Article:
Got it, thanks. Can't believe I couldn't parse that sentence properly!
No need to start a new thread. I want to try TruOil for the first time on my next neck but dont quite grasp it. I see many light coats is best. But what do you do to prep the wood and do you lacqure over it? What do you do with the headstock front and decal? I dont think a decal would go over oil.
-How to prep wood before oil?
-What to finish oil with?
-How to install decal over oil?
Before I begin any finish application, I make sure the wood is very smooth. I generally dry sand the bare wood to 400, always sanding in the direction of the grain, never cross grain, and never in a circular manner.
Dampen the wood slightly with water. This will raise the grain and let you see flaws that you might have missed. The water will enhance any sanding scratches just like the Tru Oil will. Let it fully dry overnight. Resand with 400 until smooth.
Begin the Tru Oil application. The first coat will absorb into the wood quite a bit. That is normal and is a good thing. It will help strengthen the surface of the wood slightly and give a good foundation for further coats. I like to let the first coat dry about 24 hours before proceeding.
After the first coat is dry, you can begin the top coats. Many people like to apply 3 coats per day, 3 hours apart, then let dry overnight. Keep the coats as thin as you can. I am assuming you are using the wip on Tru Oil. Lightly sand after every 3 coats with 0000 steel wool or 1200 sandpaper. You aren't trying to remove anything, just knock down the high spots and keep it level.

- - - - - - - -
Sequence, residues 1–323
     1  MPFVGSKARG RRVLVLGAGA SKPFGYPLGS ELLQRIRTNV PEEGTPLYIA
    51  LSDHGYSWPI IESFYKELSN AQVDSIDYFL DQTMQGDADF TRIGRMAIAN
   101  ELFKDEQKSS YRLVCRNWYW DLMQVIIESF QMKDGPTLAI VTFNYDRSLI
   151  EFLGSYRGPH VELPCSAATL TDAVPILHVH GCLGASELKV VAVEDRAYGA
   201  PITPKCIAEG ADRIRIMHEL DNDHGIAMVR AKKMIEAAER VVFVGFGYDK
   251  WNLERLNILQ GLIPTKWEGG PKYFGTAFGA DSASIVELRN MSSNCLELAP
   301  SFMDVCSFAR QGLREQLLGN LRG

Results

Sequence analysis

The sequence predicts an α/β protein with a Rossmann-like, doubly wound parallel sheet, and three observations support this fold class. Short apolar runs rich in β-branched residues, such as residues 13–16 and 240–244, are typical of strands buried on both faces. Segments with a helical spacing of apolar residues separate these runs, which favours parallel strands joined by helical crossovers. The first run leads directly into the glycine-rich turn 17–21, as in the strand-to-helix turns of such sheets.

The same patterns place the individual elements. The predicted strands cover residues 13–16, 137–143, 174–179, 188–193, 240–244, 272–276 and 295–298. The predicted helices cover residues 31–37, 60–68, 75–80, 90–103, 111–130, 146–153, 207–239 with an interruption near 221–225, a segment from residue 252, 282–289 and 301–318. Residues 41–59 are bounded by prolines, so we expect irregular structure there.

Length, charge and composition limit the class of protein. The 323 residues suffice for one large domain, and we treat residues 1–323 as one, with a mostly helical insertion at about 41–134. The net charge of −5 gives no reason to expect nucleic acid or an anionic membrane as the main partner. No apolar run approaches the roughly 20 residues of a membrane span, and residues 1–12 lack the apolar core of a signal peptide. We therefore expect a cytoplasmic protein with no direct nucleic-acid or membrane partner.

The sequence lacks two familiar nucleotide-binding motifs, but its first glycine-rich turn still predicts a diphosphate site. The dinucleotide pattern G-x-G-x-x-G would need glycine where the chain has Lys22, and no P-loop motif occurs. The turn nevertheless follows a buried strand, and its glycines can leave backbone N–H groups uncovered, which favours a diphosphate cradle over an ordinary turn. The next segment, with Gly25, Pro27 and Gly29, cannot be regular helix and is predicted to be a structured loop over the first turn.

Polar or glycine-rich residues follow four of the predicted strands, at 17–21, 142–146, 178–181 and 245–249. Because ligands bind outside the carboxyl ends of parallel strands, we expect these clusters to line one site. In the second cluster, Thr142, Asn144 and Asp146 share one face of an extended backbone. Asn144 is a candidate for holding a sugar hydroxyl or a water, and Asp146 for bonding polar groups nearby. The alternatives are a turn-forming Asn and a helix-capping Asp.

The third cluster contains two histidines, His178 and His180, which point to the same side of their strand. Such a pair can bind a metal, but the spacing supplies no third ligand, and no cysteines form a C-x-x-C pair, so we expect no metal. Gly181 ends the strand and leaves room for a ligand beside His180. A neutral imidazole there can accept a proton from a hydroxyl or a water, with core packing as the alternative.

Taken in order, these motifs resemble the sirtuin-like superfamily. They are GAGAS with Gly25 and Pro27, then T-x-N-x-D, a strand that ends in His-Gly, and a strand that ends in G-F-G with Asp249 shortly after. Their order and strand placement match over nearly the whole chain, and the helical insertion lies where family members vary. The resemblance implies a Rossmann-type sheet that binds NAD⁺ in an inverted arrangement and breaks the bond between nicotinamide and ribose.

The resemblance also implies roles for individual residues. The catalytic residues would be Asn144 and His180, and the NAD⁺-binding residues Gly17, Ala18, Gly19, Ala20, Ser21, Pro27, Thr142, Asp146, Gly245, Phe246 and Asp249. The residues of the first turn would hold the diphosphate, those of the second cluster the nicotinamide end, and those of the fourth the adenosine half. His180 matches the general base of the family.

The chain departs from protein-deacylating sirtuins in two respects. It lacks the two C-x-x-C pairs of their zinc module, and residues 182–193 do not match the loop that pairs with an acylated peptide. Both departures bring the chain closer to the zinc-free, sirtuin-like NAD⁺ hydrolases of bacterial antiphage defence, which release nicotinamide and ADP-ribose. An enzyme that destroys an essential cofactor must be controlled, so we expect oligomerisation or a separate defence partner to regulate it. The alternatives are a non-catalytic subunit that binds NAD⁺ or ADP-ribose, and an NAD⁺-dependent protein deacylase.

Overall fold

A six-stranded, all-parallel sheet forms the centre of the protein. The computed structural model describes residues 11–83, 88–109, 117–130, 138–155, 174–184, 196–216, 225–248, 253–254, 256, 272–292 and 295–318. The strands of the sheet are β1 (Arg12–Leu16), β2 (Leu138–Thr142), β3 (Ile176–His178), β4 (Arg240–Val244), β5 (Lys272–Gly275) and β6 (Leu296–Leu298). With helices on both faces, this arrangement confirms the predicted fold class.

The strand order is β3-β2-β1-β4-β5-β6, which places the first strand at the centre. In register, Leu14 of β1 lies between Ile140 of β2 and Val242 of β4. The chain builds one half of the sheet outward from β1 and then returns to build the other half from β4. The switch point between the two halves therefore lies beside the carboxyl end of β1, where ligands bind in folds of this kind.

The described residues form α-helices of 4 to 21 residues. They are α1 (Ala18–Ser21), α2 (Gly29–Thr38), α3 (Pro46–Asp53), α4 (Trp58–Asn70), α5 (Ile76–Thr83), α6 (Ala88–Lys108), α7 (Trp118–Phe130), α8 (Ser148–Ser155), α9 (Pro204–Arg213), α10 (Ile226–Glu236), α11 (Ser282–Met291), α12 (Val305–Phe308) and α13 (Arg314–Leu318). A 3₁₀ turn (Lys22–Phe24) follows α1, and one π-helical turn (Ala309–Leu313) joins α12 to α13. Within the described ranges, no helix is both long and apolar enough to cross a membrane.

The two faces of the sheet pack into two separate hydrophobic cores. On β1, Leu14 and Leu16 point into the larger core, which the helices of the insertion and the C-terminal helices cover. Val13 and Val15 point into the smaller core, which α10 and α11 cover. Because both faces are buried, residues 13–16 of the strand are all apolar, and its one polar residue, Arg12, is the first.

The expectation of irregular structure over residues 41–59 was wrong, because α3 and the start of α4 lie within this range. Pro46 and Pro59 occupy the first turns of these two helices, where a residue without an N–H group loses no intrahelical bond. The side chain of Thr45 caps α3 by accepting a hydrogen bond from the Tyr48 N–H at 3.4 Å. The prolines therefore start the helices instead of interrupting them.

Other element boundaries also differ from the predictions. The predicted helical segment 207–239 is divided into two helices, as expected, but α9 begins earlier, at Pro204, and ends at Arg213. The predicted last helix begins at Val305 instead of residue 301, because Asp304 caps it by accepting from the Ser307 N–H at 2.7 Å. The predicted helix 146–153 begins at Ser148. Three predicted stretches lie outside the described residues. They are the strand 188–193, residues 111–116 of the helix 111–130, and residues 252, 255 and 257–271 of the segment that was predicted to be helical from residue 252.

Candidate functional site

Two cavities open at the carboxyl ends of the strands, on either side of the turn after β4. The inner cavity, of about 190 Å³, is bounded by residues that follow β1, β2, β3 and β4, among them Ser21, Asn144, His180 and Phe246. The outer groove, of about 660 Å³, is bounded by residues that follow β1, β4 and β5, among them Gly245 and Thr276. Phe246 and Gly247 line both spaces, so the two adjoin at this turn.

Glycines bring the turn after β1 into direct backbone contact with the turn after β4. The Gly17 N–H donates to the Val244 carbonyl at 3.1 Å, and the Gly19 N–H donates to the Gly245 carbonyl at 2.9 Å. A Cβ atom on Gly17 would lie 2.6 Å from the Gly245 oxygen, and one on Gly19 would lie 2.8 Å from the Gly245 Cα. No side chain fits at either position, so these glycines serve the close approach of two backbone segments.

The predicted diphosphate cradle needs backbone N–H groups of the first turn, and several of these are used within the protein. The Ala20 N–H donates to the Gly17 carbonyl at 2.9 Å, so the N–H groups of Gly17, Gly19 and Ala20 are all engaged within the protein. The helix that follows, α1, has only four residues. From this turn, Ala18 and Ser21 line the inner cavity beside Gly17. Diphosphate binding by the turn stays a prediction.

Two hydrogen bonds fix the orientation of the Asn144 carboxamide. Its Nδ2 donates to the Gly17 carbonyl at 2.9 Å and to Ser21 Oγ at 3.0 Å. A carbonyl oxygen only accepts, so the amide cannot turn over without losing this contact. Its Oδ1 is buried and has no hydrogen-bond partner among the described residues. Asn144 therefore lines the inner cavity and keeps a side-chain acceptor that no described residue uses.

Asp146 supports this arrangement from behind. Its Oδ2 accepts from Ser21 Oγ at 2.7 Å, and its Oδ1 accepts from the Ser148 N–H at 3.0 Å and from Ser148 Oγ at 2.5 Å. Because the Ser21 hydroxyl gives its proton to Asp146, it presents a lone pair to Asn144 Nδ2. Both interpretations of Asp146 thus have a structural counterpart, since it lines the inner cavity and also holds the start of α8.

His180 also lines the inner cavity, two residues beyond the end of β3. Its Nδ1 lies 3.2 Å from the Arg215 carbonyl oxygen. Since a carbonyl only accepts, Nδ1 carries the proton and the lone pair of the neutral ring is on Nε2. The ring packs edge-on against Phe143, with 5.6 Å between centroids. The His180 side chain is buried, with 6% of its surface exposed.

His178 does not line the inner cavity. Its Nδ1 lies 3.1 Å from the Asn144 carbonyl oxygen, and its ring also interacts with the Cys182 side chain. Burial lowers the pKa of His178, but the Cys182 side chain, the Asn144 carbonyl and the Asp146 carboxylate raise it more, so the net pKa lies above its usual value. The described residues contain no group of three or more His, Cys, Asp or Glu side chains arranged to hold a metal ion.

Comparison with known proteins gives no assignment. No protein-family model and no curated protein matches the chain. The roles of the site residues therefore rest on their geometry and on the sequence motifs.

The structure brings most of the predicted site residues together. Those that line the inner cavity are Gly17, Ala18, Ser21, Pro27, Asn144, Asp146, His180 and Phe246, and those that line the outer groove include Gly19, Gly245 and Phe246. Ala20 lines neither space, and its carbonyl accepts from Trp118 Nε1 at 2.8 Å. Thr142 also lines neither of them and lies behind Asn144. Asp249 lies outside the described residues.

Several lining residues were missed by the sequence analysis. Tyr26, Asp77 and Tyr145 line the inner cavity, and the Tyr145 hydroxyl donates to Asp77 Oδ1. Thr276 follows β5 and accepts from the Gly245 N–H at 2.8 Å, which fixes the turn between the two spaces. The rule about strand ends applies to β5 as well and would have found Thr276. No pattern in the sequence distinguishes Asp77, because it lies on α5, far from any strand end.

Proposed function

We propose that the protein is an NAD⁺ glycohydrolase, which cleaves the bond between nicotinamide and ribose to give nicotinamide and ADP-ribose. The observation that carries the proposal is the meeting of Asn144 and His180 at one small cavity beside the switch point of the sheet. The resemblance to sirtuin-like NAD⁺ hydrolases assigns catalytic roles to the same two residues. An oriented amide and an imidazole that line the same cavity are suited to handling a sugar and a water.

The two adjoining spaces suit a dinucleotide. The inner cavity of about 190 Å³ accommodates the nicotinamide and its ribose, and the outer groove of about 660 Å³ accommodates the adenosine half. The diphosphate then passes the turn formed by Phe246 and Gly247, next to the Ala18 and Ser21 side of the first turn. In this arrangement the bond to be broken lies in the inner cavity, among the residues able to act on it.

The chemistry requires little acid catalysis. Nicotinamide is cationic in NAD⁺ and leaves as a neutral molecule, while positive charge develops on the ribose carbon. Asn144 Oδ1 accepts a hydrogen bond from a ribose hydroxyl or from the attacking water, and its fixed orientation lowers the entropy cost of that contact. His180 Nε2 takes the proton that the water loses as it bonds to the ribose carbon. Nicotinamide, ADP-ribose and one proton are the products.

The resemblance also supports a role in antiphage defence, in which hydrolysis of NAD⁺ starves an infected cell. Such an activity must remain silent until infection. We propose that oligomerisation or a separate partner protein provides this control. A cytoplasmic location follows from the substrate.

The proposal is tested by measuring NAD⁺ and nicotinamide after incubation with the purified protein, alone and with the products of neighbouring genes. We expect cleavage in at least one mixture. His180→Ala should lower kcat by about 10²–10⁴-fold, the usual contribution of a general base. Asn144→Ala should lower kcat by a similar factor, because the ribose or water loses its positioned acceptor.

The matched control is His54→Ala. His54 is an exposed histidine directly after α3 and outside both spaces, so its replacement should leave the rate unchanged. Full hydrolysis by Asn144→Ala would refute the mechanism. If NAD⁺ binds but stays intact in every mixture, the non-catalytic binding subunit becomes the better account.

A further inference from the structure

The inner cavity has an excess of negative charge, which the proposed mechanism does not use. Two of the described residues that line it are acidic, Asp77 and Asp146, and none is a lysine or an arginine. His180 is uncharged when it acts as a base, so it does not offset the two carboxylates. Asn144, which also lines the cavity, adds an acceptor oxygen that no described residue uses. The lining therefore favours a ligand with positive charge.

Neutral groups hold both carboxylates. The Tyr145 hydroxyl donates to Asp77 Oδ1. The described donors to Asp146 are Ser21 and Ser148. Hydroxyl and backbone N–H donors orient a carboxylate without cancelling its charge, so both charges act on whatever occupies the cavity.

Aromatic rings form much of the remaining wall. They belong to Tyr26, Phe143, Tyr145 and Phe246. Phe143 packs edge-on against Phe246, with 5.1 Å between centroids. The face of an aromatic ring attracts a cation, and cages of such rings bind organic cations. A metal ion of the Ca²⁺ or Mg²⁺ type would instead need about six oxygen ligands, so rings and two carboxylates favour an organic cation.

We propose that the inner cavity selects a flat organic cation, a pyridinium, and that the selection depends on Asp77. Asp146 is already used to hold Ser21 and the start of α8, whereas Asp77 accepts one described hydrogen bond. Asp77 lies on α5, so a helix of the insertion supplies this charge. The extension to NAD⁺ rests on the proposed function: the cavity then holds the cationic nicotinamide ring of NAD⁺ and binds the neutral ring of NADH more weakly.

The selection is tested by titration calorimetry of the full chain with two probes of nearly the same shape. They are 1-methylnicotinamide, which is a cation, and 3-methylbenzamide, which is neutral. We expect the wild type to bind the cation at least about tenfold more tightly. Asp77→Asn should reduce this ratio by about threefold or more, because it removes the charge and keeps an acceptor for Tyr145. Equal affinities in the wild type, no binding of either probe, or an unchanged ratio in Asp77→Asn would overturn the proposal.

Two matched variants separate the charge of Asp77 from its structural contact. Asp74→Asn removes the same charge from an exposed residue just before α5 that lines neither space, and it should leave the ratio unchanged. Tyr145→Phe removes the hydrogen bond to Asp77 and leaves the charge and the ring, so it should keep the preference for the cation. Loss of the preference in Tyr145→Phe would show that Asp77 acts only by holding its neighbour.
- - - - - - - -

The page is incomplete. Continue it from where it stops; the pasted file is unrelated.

After the 10th or 12th coat, let it dry 24 to 48 hours. Then wet sand lightly with #2000. Let dry another 24 to 48 hours and buff with a good quality polishing compound like 3M Finess It II or Meguires Mirror Shine Scratch Remover. This should result in a super high gloss. If you want a satin finish, omit the buffing stage. Call it done after the #2000
To bury a decal in Tru Oil: Make sure the headstock already has enough Tru Oil built up to be glossy. Make sure it is very smooth where the decal will lay. Make sure the Tru Oil has dried at least 24 hours. Decals don't lay very well on bumps, nubs or ridges. That area must be flat, level and very smooth. After applying the decal and patting it dry, wait at least a few hours if not overnight before applying more Tru oil. Apply 3 coats Tru Oil at least 3 hours apart to the headstock. Apply it a little on the thick side for this. I use a 3" square of paper towel folded to about 1", and wipe it gently and evenly on the headstock. After you have a minimum of 3 coats on top of the waterslide, begin leveling. I wouldn't use anything courser than 1500 grit. I usually use 2000 between coats. Be very careful to avoid cutting through. I usually end up applying about 10 to 12 coats on top of the waterslide to fully bury it and make the edges disappear.
I would not lacquer over it.
Either do your neck in one or the other. Both have advantages, both have disadvantages. If you do a neck in Tru Oil, you may never go back to anything else.
Lacquer never fully dries. It continues to off gas and shrink forever.
Oil finishes dry in 2 ways. The evaporative stage, which takes about 7 to 10 days, (If you can smell the fumes by holding it to your nose, it hasn't fully evaporated yet) and the polymerization, which usually completes after about 60 days. Only then will the finish be at full hardness.